GM had a Chevy display that looked as if it had seen every auto show in Manila since the Marcos era. (If anyone from GM is reading this, YOU NEED A NEW DISPLAY!!!) I decided not to photograph it as I only took my compact camera and the lighting back in that corner of the hall was so dim it couldn't take a good picture, not that that would have been possible under any light.

Chrysler showed off their Jeeps and the ever-popular 300 series, likely popular here due to its bold styling and presence in Bree's driveway on Desperate Housewives, which is as popular here as in the states.

There were also a handful of manufacturers from Korea and China I'd never heard of before showing products I'd never seen, even here.

Mercedes, Toyota, Nissan and Mazda had pretty ho-hum exhibits consisting of little more than the cars themselves. Honda had a continuously-running video countdown of every innovation the company has ever made, played at a volume loud enough for you to hear it wherever you were on that side of the center.

Nearby was a single guy overseeing a trio of motorcycles situated around a giant sign advertising what I presume to be the Filipino equivalent of Discovery Channel'sAmerican Chopper.

What was most interesting at the show wasn't what was in the main room, though. It was what was in the temporary annex outside. (The annex, I must note, is about half the size of the main building. Although its tent-like construction makes it look quite temporary, I can only assume by its appearance that it has been, and will continue to be, around for quite some time.)

Real cars. Boy, was I surprised to see these here!

Cars made out of lots of things like metal, instead of "composite materials".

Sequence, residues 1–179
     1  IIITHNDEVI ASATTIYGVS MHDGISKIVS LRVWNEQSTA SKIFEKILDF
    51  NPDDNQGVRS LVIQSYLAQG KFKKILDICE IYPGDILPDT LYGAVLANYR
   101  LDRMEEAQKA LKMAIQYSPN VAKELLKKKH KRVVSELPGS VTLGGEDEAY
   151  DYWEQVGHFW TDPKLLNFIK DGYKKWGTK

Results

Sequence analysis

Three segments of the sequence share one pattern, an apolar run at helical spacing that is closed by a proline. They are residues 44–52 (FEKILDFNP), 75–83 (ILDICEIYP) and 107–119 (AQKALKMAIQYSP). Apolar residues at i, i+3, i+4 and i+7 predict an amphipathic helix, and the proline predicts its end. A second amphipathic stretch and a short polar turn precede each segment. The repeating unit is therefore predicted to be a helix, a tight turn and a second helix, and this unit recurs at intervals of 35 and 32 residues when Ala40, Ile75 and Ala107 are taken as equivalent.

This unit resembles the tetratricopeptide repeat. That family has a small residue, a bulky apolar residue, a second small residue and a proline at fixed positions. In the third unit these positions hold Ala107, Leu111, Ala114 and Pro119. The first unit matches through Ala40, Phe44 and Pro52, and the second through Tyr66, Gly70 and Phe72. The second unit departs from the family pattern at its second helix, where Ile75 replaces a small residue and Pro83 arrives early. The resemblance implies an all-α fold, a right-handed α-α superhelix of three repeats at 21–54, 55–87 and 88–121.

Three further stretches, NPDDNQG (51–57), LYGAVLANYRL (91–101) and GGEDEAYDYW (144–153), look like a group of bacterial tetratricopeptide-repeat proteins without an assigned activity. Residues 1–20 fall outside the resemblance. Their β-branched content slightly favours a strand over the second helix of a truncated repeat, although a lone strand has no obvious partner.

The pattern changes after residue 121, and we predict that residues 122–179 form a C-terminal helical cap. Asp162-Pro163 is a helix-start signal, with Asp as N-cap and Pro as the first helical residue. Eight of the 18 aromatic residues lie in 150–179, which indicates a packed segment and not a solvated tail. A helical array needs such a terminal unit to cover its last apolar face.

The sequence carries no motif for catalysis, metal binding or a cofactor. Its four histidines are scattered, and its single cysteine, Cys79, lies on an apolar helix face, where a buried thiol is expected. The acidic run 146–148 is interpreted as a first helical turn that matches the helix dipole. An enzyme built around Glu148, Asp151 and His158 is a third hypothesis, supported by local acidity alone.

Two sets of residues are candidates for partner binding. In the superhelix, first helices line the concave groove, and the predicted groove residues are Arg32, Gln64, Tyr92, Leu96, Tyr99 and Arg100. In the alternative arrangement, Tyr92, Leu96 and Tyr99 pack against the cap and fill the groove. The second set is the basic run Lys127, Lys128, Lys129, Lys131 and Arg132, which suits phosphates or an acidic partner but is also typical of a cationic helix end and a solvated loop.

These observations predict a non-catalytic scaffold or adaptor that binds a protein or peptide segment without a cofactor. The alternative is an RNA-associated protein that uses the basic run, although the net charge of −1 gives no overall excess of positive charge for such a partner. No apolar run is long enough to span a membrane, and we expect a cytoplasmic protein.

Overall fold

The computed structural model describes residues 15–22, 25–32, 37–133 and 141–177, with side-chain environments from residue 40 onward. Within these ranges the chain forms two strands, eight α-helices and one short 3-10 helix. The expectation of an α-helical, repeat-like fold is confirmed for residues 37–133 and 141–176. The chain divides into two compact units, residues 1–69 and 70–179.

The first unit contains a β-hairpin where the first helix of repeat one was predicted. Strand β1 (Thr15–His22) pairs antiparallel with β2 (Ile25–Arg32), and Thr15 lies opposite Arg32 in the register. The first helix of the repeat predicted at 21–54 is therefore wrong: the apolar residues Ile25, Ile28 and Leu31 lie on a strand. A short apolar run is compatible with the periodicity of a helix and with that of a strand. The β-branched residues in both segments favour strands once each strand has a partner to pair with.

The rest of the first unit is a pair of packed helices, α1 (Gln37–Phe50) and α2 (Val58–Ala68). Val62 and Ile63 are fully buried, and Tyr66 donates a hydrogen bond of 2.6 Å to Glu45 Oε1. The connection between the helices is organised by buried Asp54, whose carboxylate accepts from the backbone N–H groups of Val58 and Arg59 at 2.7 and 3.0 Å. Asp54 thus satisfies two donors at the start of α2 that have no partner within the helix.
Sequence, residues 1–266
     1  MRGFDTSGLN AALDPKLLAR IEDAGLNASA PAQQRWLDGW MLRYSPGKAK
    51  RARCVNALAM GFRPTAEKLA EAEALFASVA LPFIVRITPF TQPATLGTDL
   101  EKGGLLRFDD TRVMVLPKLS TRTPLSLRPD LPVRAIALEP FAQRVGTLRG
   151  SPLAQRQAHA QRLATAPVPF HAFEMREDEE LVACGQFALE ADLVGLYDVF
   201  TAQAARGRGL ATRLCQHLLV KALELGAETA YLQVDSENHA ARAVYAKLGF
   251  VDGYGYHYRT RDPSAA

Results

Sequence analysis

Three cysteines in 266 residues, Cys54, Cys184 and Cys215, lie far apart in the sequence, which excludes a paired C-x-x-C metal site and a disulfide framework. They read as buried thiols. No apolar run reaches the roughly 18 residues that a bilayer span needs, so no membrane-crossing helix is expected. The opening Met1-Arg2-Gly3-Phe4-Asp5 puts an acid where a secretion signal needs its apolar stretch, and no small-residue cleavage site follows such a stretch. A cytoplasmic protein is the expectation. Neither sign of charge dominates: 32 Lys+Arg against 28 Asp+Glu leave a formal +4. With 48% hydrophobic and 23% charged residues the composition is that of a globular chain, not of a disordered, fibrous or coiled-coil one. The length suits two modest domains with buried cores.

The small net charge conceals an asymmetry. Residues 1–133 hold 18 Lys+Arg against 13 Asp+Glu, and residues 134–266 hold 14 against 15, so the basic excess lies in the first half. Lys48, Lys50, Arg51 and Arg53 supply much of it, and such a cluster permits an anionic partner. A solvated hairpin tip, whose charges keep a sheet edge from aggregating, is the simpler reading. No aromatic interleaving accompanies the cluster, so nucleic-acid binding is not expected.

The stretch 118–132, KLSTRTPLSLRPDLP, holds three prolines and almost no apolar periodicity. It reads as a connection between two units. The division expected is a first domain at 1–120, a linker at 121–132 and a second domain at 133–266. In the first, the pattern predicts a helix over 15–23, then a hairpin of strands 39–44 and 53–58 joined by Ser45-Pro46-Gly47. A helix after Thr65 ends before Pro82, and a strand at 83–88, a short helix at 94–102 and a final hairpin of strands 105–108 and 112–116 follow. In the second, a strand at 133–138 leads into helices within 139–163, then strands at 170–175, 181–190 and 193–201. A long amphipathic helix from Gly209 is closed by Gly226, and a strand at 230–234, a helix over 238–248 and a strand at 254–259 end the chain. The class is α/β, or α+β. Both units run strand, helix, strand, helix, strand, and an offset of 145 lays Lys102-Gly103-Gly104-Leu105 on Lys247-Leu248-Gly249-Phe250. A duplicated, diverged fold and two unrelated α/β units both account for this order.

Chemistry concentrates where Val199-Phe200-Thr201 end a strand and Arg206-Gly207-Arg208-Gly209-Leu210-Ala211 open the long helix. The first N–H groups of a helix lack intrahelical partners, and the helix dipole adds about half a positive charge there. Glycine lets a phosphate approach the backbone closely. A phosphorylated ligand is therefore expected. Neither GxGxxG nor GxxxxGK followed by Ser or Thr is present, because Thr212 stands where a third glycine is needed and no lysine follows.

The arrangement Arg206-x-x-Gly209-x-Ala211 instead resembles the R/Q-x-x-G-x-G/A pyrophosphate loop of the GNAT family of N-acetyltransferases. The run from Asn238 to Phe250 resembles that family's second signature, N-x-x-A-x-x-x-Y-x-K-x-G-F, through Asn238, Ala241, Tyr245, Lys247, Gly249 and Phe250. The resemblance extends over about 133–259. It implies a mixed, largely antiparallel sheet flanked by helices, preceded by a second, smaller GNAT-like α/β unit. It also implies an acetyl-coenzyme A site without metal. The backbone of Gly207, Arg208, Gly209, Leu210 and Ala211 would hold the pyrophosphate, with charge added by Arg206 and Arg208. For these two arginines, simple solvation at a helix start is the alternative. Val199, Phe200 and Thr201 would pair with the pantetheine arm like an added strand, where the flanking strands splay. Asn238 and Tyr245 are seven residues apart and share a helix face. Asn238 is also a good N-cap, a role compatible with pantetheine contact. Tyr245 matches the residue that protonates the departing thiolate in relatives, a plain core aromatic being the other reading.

Cars from when you could feel and hear the horsepower (and there was lots of it!).

Cars from a time before seat belts (you know, like school bus or a jeepney).

Cars you wouldn't dare drive around in today's traffic-snarled streets of inconsiderate idiots.

Wednesday, 16 April 2008

Pay Attention!

In last week's post I wrote about how irritable it is to deal with some of those whom Edson and I text message with here. I questioned why it is that one can only insert a single item of information in each text for the other person to understand what information is being conveyed, thus wasting messages and money when several items of information must be relayed.

Last night during conversation over dinner we discovered what is the real problem.

Our conversation was about another conversation he was having earlier that day with someone from the College of Architecture at University of the Philippines. Apparently a couple of the people there felt he had been shunning them the past eleven months because he hadn't come to their office to visit. He had told them both last April/May he would be working in Makati, so he wouldn't be able to teach the twelve credit hours worth of courses they handed him last June three days before classes were to begin (remember: even after he had previously said to them he couldn't teach at all!). And three day notice...yeah, they really think ahead there!

Edson does do research work at U.P. And he also does teach one class a week. But he doesn't spend a lot of time on campus meandering about. The people who felt shunned also don't spend a lot of time on campus, so the likelihood these infrequent campus-goers would ever run into each other there is rather small. It is small enough that in eleven months their paths never once crossed.

Had they paid attention when Edson told them he was going to be working elsewhere, maybe they would have realized he was not shunning them!

So, that's it.

It all comes down to what our parents and teachers have been telling us (if not yelling at us) all these years:


But I still don't know if not paying attention to the information contained within a text message is something uniquely Filipino or just related to the act of receiving text messages wherever the receiver may be.